Snub Over for Harold Carmichael, Which Eagle is Next in Line?

Ed Kracz

The snub ended on Jan. 15 when Harold Carmichael got his call from the Hall.

More than 30 years the former Eagles great waited, and, while it’s a bit of a bummer that he will have to wait until next summer to get his gold jacket after this August’s Hall of Fame enshrinement ceremonies were canceled, he is deservedly and finally able to walk in history with the greats of the game.

So, who’s got next?

Who are some other former Eagles players who deserve to get in?

It has to be Eric Allen.

The cornerback played 14 NFL season, his first seven with Philly after being taken in the second round (30th overall) out of Arizona State in 1988. He started 204 career games, including 110 with the Eagles, and was named to six Pro Bowls and was a first-team All-Pro in 1989 after making six interceptions.

In 1993, Allen had six picks, four of which he returned for touchdowns, including two in the same game against the New Orleans Saints. The total is still tied for the NFL record along with Hall of Famer Ken Houston, who did it in 1971 and Jim Kearney, who had four a year later.

Also, that year, Allen had what NFL Film’s Steve Sabol (who was elected into the Hall in 2020) called “The Greatest Interception Return in NFL History.” It came on Oct. 3 against the New York Jets late in the fourth quarter after the Eagles had lost quarterback Randall Cunningham to a fractured fibula and Philly trailing by two points.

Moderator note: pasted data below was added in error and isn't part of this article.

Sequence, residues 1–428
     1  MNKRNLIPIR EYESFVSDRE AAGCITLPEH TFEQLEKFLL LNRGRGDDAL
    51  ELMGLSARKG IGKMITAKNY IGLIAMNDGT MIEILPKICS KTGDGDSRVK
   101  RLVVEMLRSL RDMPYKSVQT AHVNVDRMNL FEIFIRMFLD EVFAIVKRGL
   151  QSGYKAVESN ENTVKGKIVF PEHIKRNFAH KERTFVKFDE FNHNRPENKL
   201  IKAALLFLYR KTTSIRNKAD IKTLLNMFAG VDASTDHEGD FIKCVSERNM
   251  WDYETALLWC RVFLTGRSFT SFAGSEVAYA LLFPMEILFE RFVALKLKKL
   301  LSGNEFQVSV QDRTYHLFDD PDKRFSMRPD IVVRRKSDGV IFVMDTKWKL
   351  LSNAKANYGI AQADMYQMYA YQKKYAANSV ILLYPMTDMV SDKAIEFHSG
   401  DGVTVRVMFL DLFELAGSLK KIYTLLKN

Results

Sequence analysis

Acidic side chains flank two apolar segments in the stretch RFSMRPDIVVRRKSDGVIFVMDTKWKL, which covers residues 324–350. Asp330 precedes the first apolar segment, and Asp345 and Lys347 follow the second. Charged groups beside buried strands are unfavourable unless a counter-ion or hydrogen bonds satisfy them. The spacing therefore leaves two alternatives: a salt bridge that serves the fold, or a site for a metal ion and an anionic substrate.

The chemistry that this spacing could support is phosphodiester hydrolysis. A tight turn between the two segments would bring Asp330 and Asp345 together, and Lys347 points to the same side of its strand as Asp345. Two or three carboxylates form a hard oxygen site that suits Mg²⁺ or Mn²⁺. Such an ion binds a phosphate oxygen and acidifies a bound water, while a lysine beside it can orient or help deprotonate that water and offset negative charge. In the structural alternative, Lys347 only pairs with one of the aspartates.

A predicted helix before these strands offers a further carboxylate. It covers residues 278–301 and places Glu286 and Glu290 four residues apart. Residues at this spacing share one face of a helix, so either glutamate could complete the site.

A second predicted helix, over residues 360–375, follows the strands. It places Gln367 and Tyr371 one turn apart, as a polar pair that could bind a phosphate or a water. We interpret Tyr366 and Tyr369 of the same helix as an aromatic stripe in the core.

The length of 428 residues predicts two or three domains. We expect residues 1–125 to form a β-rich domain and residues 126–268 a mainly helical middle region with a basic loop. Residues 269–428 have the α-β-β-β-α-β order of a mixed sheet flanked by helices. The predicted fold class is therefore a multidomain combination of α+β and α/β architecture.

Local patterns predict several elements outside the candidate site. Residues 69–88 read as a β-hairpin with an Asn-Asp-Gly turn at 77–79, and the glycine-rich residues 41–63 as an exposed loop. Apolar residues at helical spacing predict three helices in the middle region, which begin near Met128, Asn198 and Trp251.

Allen stepped in front of a Boomer Esiason throw and went 94 yards for a touchdown to win the game.

Allen’s 34 touchdowns in seven seasons with the Eagles remain tied for the most in team history with Brian Dawkins and Bill Bradley. Allen’s five interceptions returned for touchdowns is the most in franchise history and his career return yardage of 482 yards remains third-most in team lore behind Bradley (536) and Dawkins (515).

For his career, which spanned 14 years and ended after the 2001 season and 217 games played, Allen had 54 interceptions, 826 return yards, and eight touchdowns. 

Not putting any of the corners down who are already enshrined but those numbers compare favorably with four cornerbacks to be elected into the Hall in the past decade: Champ Bailey (2019, 52 career INTs), Ty Law (2019, 53), Aeneas Williams (2014, 55), and Deion Sanders (2011, 53).

Again, those corners are well deserving of their induction, but so is Allen.

Who else?

Defensive end Clyde Simmons. How does someone pie up 121.5 career sacks from 1986-2000, including 76 with the Eagles, and 25 forced fumbles not get more love for enshrinement? His career total leaves him a half-sack behind Simeon Rice from being in the top 20.

Linebacker Sam Mills. He will likely be the next linebacker in after making the final round of selection last year. He didn’t play for the Eagles, but he won two titles of the Philadelphia Stars of the USFL.

Linebacker Seth Joyner. You could probably find linebackers in the Hall who are inferior to Joyner, who played eight years with the Eagles as an eighth-round draft pick in 1986. In his 13-year career, Joyner did a lot of everything, collecting 1,123 combined tackles with 52 sacks, 24 interceptions, 26 forced fumbles, and 12 fumble recoveries.

It may not be enough, however.

Running back Ricky Watters. Watters made the semifinals last year, so he’s knocking on the door. He is 24th on the NFL rushing list with 10,643, but that’s not as many as LeSean McCoy has at 11,071 with the possibility of adding to that if a team signs him. Three of Watters’ 10 seasons were with the Eagles, and he rushed for more than 1,100 yards in all three while starting all 48 games and scoring 31 of his career 78 touchdowns.

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